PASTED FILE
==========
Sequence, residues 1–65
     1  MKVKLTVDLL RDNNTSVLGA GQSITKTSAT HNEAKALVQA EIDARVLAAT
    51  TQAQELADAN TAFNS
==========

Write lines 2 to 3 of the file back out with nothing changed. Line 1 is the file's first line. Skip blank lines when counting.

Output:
     1  MKVKLTVDLL RDNNTSVLGA GQSITKTSAT HNEAKALVQA EIDARVLAAT
    51  TQAQELADAN TAFNS